War Machine: Will Goyo be the Biggest Filipino Film of All Time?
September 09, 2017
Heneral Luna legitimized local blockbuster filmmaking for a new era. Jerrold Tarog and his producers are faced with an even more monumental task, coming up with act two.
There is a celebration in the town plaza, far away. But they say the general is coming, and that is all they need to hear.
The villagers rush out across the mountainous countryside, less anxious about the heat as they are about arriving late. They scale a hill and dash through the market, rounding the corner before finally slowing their pace. Every seat at the center of the plaza has been taken. They content themselves with a standing view under the shadow of the church. There are hundreds in attendance: simple folk like them, soldiers in their imposing blue uniforms, ilustrados with their umbrellas and impractical suits. And shining as white as the rumors say, right in front of the stage, is General Gregorio del Pilar.
This is, of course, not actually Gregorio del Pilar’s hometown, but somewhere in the middle of Tarlac Recreational Park, where the crew of the film production company Artikulo Uno has built, from scratch, an entire set made to look like a late-1800s plaza, complete with second-floor balconies, the façade of a church adorned with statues of saints, and a modest marketplace tucked away in the corner, replete with real food. Large panels of green screen fill in the rest of the background. The houses are authentically somewhat dirty, with stains and flecks of paint dotting even the smallest surfaces that won’t get a second of screen time. I try to ask how long it took for this set to be constructed, but the best answer I get is a sigh, followed by an approximation: “Months.” I hazard a guess on how high the budget of the film is. The producers I’m talking to look at each other and answer, “Higher.”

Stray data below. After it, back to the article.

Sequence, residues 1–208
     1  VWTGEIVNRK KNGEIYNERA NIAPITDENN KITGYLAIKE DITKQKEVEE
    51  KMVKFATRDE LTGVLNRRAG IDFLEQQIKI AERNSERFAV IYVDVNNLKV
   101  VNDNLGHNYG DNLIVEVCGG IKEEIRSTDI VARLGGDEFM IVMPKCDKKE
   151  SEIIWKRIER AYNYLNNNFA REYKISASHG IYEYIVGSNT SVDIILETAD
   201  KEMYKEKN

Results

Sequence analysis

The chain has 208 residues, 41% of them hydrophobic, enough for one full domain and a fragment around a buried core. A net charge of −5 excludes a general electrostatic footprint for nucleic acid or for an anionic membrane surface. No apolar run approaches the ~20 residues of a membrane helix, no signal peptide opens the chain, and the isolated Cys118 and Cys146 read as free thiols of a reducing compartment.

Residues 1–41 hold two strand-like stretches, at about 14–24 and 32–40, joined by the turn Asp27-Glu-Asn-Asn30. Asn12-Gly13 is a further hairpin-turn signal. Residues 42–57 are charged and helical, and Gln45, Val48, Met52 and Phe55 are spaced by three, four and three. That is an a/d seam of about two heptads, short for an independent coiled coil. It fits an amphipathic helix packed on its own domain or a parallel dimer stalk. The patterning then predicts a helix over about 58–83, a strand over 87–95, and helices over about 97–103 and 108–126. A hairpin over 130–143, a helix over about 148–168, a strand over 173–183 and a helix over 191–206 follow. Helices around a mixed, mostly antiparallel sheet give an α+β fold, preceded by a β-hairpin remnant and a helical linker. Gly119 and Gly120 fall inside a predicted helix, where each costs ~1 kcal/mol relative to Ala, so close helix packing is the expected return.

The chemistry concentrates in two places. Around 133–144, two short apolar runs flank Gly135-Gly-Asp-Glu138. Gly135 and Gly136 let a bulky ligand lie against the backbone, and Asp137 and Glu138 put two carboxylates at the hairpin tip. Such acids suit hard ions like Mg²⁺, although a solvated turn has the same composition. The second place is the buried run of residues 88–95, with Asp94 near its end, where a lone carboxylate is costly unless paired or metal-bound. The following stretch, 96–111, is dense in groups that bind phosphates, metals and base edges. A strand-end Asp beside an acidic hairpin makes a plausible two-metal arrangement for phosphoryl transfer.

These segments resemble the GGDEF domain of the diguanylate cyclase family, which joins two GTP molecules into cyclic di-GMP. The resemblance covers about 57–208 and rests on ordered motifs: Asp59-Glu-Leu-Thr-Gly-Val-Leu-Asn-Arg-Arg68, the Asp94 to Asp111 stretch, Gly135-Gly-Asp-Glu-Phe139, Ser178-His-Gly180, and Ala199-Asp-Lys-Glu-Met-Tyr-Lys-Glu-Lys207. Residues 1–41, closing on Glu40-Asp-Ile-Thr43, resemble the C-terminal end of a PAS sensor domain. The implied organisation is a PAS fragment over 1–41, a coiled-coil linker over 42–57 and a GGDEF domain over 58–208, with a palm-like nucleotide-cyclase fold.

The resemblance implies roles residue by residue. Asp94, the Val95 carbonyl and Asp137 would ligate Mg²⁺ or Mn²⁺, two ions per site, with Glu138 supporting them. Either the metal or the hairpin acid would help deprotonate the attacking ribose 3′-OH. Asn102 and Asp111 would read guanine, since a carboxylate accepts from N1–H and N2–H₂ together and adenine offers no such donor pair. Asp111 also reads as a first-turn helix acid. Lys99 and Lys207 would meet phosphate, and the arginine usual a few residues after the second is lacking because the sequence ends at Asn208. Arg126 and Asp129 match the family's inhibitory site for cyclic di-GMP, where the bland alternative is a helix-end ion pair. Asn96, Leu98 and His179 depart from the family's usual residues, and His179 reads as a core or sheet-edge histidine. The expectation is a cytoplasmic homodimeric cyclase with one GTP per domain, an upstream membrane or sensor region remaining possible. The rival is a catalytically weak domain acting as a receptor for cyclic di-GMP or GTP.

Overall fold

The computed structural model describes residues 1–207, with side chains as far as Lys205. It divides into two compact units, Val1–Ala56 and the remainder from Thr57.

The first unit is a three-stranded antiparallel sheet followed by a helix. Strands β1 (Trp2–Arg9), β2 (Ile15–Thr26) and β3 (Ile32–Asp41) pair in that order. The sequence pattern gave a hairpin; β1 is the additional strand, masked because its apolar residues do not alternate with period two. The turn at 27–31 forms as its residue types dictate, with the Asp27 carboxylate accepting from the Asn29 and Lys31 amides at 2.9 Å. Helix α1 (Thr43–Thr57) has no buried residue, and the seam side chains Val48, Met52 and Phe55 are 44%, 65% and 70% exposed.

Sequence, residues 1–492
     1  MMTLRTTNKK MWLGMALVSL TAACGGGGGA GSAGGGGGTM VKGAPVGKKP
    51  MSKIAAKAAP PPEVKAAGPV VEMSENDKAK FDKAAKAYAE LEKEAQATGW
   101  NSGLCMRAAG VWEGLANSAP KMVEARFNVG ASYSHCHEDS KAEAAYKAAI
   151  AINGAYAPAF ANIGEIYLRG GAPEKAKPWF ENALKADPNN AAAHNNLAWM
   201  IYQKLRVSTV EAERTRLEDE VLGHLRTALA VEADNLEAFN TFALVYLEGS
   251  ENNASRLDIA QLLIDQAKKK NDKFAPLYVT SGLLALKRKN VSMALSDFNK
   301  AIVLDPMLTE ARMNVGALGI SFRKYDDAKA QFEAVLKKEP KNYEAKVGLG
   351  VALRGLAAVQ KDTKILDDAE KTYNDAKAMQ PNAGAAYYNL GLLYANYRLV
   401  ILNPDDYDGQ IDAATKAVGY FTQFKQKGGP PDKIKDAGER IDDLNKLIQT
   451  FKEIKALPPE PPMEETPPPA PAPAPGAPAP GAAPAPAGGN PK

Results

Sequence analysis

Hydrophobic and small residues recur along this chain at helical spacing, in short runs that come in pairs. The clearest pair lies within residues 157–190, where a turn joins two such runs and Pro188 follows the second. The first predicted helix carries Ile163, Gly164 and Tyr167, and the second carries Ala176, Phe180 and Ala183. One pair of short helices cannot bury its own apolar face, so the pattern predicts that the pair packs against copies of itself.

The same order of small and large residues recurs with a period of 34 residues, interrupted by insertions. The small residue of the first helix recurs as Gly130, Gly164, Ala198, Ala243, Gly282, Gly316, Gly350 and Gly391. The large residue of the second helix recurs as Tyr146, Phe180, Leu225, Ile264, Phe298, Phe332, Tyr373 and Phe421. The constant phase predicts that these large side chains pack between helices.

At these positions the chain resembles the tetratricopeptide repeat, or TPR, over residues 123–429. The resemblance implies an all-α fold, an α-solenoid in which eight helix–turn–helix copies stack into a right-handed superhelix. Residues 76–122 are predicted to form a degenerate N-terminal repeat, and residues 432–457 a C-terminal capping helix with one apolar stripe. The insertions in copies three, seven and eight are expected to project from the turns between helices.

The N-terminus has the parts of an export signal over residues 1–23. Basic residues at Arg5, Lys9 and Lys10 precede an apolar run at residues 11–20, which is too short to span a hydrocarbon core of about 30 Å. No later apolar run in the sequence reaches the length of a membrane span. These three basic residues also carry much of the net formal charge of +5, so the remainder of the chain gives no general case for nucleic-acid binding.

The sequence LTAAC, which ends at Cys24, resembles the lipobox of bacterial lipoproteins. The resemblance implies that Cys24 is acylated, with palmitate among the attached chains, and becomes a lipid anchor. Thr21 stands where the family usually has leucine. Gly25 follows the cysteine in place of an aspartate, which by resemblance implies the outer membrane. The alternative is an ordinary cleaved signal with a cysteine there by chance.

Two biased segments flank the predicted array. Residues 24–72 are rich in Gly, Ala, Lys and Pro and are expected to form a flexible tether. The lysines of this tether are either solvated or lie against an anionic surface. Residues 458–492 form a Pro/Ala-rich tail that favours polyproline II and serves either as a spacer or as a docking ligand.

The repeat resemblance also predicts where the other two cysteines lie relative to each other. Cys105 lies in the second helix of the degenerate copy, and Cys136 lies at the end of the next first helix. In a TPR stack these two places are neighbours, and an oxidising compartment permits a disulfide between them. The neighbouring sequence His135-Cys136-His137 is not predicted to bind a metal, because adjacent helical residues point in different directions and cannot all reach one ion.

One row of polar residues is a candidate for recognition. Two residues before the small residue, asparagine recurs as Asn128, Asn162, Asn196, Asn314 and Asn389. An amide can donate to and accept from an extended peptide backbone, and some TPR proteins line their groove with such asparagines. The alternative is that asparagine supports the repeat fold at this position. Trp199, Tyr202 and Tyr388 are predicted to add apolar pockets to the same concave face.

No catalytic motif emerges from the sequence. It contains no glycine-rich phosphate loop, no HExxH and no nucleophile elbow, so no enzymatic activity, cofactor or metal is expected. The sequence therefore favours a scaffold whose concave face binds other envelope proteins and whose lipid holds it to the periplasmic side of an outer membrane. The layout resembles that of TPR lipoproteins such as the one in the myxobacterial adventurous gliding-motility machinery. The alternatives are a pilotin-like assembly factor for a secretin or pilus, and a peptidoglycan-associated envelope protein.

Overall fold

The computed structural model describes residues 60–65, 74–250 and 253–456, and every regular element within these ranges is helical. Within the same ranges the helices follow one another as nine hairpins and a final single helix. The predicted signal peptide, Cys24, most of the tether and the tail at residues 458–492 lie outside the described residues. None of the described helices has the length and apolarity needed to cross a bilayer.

The only exact number I get is this: it is Day Eight of an estimated 55 in the production of Goyo: Ang Batang Heneral.
[Read more at rogue.ph/war-goyo/]